Skip building a savings "ark"
When it comes to rainy days, Noah found out the hard way. Likewise, without a savings cushion to fall back on, unexpected expenses invariably end up on a credit card
. Better to save six to 12 months' of living expenses in an emergency savings account. Then, when the car's air conditioner breaks down, you have a major medical expense or some other event clouds your skies, you have rescue funds available to float you through.
Lie to your significant other about your spending
Not only is lying about your spending a bad idea for your relationship, it can wreak havoc on your finances
. For example, your significant other may hope to buy a home or take a trip soon. Those plans could be canceled because of your secret debt. Minimize the damage. Fess up before you get exposed.
Deliver yourself into indentured student-hood
It's not smart to take out huge student loans
without knowing what career field you are going into or how much you'll earn. Defaulting can end up costing thousands and thousands of dollars. Before you borrow, know how you're going to pay it back. Also, be a sport and don't ask your parents to co-sign. See Sin No. 1.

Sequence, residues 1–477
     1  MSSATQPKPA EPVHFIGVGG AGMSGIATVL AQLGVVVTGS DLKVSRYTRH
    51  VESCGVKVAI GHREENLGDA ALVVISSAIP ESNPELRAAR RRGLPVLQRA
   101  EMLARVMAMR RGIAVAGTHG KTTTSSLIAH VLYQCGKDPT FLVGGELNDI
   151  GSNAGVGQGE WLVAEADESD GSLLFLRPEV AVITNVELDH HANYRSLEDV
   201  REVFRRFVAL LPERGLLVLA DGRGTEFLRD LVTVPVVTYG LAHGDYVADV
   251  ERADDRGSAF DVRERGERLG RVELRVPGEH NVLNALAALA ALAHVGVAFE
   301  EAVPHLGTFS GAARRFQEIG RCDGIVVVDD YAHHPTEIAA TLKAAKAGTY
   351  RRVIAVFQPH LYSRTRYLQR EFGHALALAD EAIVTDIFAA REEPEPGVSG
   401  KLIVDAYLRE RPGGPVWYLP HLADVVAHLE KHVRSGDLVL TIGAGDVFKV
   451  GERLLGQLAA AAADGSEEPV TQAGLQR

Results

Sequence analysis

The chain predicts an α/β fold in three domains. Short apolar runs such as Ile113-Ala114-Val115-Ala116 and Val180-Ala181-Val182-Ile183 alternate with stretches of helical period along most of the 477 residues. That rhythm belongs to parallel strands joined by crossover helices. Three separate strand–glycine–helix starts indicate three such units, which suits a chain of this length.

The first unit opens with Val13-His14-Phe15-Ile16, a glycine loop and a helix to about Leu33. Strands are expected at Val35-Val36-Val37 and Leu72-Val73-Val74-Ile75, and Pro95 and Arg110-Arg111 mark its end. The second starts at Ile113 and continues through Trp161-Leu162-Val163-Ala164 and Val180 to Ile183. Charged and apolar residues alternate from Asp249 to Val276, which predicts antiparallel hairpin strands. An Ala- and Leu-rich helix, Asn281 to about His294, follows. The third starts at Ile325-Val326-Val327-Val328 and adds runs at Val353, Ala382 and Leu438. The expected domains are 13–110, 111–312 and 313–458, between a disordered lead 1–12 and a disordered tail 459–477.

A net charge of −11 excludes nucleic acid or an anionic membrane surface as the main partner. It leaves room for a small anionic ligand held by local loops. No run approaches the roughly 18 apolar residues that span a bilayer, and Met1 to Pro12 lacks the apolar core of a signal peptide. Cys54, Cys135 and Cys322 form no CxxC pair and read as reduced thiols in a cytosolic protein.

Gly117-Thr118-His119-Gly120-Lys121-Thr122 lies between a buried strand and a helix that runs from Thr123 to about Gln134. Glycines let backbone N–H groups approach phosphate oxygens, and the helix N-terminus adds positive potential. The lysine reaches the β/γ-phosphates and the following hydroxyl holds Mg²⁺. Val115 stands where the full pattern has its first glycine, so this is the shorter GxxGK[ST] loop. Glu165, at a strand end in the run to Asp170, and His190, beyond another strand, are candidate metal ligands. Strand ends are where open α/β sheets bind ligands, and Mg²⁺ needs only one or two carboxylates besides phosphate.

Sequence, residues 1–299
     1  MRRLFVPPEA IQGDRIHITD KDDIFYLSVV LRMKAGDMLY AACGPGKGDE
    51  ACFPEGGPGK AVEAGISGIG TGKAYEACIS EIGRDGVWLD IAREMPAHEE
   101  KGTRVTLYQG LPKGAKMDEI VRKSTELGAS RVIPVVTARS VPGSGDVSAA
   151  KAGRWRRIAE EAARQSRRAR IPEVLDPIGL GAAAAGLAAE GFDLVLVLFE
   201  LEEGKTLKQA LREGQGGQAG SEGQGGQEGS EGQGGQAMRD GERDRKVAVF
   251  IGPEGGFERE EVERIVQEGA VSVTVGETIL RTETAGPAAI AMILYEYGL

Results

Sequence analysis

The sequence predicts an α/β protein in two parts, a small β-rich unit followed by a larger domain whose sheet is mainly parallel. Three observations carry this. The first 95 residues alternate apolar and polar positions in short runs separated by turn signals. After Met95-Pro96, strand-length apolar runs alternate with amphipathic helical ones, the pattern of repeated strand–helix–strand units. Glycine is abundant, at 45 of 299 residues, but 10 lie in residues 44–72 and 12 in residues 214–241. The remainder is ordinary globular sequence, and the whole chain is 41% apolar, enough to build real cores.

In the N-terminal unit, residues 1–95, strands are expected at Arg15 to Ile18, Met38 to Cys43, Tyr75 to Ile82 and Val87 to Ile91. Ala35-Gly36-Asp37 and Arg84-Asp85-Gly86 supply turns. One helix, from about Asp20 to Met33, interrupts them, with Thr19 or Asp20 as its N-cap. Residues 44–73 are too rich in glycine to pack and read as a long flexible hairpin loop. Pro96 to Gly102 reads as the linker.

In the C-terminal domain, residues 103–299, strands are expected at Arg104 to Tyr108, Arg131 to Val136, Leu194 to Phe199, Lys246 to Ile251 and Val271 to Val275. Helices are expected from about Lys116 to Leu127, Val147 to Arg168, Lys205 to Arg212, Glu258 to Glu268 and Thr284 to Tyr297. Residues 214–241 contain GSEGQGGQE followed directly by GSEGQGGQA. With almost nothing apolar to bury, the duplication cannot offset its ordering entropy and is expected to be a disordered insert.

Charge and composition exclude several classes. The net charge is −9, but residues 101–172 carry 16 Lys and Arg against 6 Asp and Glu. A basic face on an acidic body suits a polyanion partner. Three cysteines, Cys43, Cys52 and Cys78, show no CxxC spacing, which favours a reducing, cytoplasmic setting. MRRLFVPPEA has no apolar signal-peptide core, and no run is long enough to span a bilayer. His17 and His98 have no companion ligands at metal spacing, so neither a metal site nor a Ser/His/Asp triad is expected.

Drive upside down
Texting and driving is bad. Driving a car that's worth less than the amount you owe is a close second. Your car depreciates immediately after you drive it off the lot. Without a big down payment, you will quickly become upside down on the car loan
(owe more than the car is worth). So, if you buy a car and can't afford an adequate down payment, or if the monthly payment is a stretch, any change in your financial situation could put you immediately upside down and in default.
Pray for better terms
Using credit wisely allows us to buy items that we would have trouble paying for with cash, such as our homes and cars. However, if you can't qualify for a reasonable interest rate for a large item, don't just pray for help. Fix whatever credit problems
you have yourself. Then you won't have to put your firstborn up for collateral.
Risk your home and retirement
The two most popular assets that people use for collateral to borrow against are their homes and their retirement accounts. Borrowing against these assets can put you in jeopardy. Do so only when necessary, and with a firm plan in place to pay the loan. Try to keep your mortgage loan to 80 percent or less of the home's value. Don't risk your retirement, because it will come whether you are ready for it or not.
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